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Index Wrap

Show me the money!

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As I put my head on the pillow last night, I continued to sort through thoughts from last night's Wrap. I'm usually guilty of always trying to prove or disprove a theory/scenario to make sure I'm on the right track. Is there a loophole in last night's wrap? Is/has the dollar/bond trade really been pumping liquidity into economy?

"Aha" I thought to myself, as I almost got out of bed. What about the money supply? You know.... that very "boring" class we may have taken in high school or college and macro economics. One of the test questions on every final was to explain the differences between M1, M2 and M3 money supply.

But deep sleep and a goodnight slurp on the nose from the dog had me totally forgetting about the possible answer to my query.

Until 02:37 PM EST when Ron Insana from CNBC reminded me of the sharp gains that have been seen in the money supply!

And here is where I bring some closure, or at least have some confidence in what has happened, and what we need to follow on a larger scale in coming weeks and months as it relates to the dollar/bond trade discussed last night.

I'm not going to go into great detail, but for those interested like me, then here's a quick recap of macro economics 101 and money supply.

Here's a neat little table that I found that quickly explains the various aggregates of money supply. This is data as of October 2002, but I've also found a couple of sites where trader/investors can get current data too. This October 2002 time period is nice as it shows money supply at an extreme stock market low point.

M1, M2 and M3 money supply

If you don't have www.investopedia.com in your browser favorite lists, you might want to. It is like a financial/investment dictionary. If you don't understand an investment word, just type it in and see what their dictionary/encyclopedia spits out.

For the most part, M1 and M2 are the money supplies that are more "consumer related" as it would be tied to you and I the consumer.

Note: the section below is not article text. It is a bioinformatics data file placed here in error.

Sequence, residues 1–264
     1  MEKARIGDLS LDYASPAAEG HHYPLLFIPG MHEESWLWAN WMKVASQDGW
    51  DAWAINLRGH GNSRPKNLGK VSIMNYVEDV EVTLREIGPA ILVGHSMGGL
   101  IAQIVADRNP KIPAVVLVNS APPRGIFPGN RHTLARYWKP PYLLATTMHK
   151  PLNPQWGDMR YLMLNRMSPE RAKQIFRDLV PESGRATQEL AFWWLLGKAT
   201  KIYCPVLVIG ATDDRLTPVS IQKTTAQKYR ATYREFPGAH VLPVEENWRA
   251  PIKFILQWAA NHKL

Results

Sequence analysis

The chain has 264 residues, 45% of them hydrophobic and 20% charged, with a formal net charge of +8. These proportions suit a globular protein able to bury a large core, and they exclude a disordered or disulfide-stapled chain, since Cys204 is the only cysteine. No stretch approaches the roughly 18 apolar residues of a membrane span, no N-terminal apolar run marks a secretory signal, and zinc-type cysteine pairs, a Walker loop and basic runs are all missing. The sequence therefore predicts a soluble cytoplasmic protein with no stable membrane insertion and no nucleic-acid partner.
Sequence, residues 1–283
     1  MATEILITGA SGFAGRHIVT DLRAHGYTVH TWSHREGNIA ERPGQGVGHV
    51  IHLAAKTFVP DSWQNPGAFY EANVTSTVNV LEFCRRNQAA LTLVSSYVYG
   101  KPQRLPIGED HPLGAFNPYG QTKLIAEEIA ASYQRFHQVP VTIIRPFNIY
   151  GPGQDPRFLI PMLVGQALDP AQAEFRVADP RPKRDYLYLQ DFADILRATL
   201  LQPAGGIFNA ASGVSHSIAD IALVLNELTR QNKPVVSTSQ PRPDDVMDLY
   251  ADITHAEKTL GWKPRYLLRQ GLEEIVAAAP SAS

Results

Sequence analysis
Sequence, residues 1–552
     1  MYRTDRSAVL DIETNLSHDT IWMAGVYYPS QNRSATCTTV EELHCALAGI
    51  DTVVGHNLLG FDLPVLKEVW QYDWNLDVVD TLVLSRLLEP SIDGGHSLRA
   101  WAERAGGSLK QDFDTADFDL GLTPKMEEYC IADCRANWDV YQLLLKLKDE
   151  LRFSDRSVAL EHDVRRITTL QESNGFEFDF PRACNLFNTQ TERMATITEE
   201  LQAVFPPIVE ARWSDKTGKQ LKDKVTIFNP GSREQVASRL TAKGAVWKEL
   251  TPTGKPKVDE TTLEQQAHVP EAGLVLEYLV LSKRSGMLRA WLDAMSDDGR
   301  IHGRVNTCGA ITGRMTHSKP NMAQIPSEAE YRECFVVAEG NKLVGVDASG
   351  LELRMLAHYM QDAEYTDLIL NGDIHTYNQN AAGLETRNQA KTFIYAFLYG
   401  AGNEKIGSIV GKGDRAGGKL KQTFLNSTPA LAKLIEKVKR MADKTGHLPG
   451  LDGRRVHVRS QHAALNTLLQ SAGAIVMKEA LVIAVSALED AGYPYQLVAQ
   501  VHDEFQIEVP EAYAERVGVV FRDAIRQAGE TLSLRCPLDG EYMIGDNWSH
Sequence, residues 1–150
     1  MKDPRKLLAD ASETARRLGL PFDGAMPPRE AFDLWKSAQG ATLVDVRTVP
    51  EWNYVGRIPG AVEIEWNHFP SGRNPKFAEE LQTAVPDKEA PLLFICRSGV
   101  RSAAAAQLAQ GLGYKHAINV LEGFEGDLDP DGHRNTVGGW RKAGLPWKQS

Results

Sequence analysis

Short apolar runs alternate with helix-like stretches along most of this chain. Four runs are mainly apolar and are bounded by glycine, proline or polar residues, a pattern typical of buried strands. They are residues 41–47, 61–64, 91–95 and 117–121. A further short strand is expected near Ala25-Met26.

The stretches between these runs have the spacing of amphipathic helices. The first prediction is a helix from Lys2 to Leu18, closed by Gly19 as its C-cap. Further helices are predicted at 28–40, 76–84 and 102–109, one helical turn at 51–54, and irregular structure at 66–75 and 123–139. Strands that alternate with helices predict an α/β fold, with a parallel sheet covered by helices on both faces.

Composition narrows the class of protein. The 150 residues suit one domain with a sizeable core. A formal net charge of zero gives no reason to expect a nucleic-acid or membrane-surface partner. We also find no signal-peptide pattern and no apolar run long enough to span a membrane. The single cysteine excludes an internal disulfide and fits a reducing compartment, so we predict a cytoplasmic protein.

The M3 would include the "money on the sidelines" we so often hear about in the papers or TV on "institutions are sitting on a lot of money that's waiting to be invested."

With a brief view of how M1, M2 and M3, I then found a neat site at http://www.marketvector.com/leading-indicator/m3-money-stock.htm

The link just given provide a little graph of the M3 Money supply. They evidently have some type of formula for trying to forecast future trends too. If you look to the column on the far left of your browser (once you click the link above) you'll see all kinds of different "economic indicators" that will allow you a visual presentation (including M1 and M2).

For you "raw data" traders/investors, you can get weekly money supply data directly from the Federal Reserve at this http://www.federalreserve.gov/releases/h6/Current/

Federal Reserve Data for M1, M2, M3 (seasonally adjusted)

Here's the data I needed to see, to make sure I wasn't making up some unbelievable type of scenario in last night's wrap. At least I think it is.

My time of focus is at the bottom of the table. While the May data is (p) preliminary, do you see the percentage increases in M1 and M2 in April and May? This is about the time we began noticing the divergence between Treasury YIELDS and stock prices. For me (Jeff Bailey), this gives me some confirmation that the dollar/bond relationship is indicative of M1/M2 money supply builds, which may indeed have had the stock market accurately ANTICIPATING greater liquidity, that may indeed stimulate the economy.